Impeding the newsgathering process can negatively affect the Constitutionally protected duty a free press has to the public, erode the trust between the governed and our leaders, and damage voters’ ability to make informed decisions.
Many who have tried to pry loose records from city government over the past eight years — records that We the People own — could agree with Philadelphia Daily News journalist Dana DiFilippo’s characterization of the request process as “schizophrenic.”
From excessive delays (often the best-case scenario) to legally convoluted, pages-long denial letters using every bizarre legal argument and excuse to block release, the public and press have fought an uphill battle for a wide range of records including closed-door meetings between city officials and Wall Street investors over the city’s fiscal health, politicians’ work calendars, police records, and even elevator records.
Impeding the newsgathering process can have a profoundly negative impact on the Constitutionally protected duty a free press has to the public, and it erodes the trust between the governed and our leaders. And perhaps most importantly, the absence of strong open government practices damages voters’ ability to make informed decisions.
Such open-records dysfunction was painstakingly detailed in a 2013 Daily News expose written by William Bender. In that article, then-Councilman Jim Kenney aptly described Philadelphia’s system under the Nutter regime:
“It has evolved from transparency to translucency. It’s like putting Vaseline on glasses. You can see the light, but you can’t see what you’re looking at.”
Sozi P. Tulante is now the city’s top lawyer, representing both the Kenney administration and City Council, which is undoubtedly no simple task. Among the multitude of responsibilities in his charge, his office is now the arbiter of Philadelphians’ access to the inner workings of their government, known as the Right-to-Know Law (RTKL), a truly landmark piece of legislation enacted by Harrisburg in 2008.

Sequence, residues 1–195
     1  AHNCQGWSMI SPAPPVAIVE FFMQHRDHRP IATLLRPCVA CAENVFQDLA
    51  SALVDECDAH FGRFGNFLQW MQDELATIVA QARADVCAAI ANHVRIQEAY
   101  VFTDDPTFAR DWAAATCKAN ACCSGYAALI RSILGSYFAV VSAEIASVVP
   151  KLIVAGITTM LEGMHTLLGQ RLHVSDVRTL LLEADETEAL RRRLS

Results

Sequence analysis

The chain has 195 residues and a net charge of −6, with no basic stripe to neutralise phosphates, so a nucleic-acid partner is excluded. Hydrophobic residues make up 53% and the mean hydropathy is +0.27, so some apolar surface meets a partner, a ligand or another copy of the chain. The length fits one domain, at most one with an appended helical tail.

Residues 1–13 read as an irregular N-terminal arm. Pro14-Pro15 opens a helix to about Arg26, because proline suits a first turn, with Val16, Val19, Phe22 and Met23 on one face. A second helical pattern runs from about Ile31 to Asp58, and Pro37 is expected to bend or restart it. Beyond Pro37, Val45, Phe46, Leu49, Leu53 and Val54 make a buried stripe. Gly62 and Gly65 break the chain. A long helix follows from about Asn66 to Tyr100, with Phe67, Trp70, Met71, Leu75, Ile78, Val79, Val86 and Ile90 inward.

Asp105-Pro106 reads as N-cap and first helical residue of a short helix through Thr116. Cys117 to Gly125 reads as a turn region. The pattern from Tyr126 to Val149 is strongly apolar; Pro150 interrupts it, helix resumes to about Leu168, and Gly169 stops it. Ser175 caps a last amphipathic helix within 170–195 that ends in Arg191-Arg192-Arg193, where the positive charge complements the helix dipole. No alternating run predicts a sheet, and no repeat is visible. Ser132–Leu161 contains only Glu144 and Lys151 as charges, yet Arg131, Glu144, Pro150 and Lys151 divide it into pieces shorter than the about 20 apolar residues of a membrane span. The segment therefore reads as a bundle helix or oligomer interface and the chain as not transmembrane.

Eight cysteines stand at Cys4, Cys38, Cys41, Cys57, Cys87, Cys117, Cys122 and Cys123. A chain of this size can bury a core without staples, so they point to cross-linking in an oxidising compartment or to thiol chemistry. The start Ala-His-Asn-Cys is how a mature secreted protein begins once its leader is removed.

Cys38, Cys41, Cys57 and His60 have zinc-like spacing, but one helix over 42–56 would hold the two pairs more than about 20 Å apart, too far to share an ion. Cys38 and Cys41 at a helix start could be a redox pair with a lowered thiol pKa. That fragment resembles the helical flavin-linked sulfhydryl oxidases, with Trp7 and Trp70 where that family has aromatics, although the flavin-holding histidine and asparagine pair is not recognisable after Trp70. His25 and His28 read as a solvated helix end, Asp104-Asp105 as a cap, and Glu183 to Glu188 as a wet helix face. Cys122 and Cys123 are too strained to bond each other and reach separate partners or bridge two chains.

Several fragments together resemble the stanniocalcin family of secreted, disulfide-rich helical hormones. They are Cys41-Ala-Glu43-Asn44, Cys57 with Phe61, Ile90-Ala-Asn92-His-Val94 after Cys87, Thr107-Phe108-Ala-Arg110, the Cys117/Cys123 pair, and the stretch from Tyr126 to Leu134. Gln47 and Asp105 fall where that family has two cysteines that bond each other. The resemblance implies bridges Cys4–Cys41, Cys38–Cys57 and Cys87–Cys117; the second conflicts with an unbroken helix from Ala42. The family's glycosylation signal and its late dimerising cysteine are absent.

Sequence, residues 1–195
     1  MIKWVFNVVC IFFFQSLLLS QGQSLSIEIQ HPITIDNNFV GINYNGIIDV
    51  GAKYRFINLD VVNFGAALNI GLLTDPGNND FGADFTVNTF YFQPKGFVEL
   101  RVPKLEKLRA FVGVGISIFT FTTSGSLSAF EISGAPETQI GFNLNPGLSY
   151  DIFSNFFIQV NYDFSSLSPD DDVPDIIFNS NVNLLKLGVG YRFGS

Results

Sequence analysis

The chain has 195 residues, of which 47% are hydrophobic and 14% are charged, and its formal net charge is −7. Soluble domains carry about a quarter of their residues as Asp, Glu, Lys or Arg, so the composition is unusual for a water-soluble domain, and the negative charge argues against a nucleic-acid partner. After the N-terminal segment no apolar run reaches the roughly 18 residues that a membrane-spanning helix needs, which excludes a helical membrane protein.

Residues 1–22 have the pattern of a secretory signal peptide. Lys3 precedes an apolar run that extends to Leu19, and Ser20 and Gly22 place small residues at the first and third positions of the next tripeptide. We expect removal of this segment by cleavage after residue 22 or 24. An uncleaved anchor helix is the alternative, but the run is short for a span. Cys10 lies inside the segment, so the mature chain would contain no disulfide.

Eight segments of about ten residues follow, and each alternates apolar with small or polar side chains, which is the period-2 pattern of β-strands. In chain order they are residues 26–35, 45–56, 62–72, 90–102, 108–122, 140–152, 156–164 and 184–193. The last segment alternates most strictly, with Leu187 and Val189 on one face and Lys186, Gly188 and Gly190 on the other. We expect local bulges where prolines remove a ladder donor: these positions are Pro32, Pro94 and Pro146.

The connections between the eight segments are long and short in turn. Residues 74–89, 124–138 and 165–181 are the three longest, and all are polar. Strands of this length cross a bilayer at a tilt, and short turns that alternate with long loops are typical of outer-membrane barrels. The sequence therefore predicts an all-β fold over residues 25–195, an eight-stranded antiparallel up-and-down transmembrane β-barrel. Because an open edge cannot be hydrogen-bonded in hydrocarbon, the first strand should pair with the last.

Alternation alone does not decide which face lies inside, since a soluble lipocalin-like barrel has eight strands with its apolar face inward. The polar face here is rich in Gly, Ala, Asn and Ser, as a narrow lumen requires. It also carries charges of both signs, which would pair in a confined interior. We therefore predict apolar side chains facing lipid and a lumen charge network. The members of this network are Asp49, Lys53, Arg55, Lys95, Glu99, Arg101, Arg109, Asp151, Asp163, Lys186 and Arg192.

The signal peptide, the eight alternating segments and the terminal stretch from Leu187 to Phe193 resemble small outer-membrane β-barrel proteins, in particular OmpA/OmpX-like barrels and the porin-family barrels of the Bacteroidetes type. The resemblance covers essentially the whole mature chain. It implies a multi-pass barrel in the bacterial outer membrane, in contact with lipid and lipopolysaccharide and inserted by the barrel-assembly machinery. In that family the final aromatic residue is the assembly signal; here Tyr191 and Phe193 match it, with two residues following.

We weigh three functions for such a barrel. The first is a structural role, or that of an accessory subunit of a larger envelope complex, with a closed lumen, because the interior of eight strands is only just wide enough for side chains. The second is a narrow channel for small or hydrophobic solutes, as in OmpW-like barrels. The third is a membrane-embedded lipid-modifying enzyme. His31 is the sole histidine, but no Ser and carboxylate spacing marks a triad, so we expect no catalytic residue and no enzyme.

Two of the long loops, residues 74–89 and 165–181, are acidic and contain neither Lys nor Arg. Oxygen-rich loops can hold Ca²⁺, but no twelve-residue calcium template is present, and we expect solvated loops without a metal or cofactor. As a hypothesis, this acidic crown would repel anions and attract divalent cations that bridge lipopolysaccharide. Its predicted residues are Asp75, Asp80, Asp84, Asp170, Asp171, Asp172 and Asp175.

That’s a big deal, and one the Nutter administration, through ineptitude or worse, failed to manage. While it’s true they spearheaded an impressive open data policy that to this day is improving, it hardly made them stalwart advocates of government transparency: Voluntarily releasing open data sets while putting up obstacles to other records — ones that might prove embarrassing to the administration, for instance — was selective and hypocritical.
The current administration’s seeming commitment to transparency presents an opportunity to make the birthplace of the Constitution a national example of true open government.
Putting aside the growing pains any new administration goes through, they’re not off to a great start, however.
The city’s confounding response
We can monitor the government’s handling of Right-to-Know with the use of so-called request tracking sheets, which are spreadsheet logs that track the volume of requests coming in to any given agency; the nature and complexity of the request; the length of time it takes to process, including delays; and whether a request was granted, denied, or appealed. Simply put, these logs are a basic accountability tool.
However, my attempt this month to begin auditing 34 city agencies’ handling of Right-to-Know requests, from the beginning of the Nutter administration to the present, quickly went sideways. First, Assistant City Solicitor Robert Kieffer responded with a six-page letter chock full of serpentine legalese that described my original request as “insufficiently specific”; that agency logs, if released, would be “likely to jeopardize or threaten public safety”; and that the records relate to criminal and noncriminal investigations. His office in the same breath released heavily redacted logs from 11 of the 34 agencies. These redactions rendered the spreadsheets useless.
Nutter redux, anyone?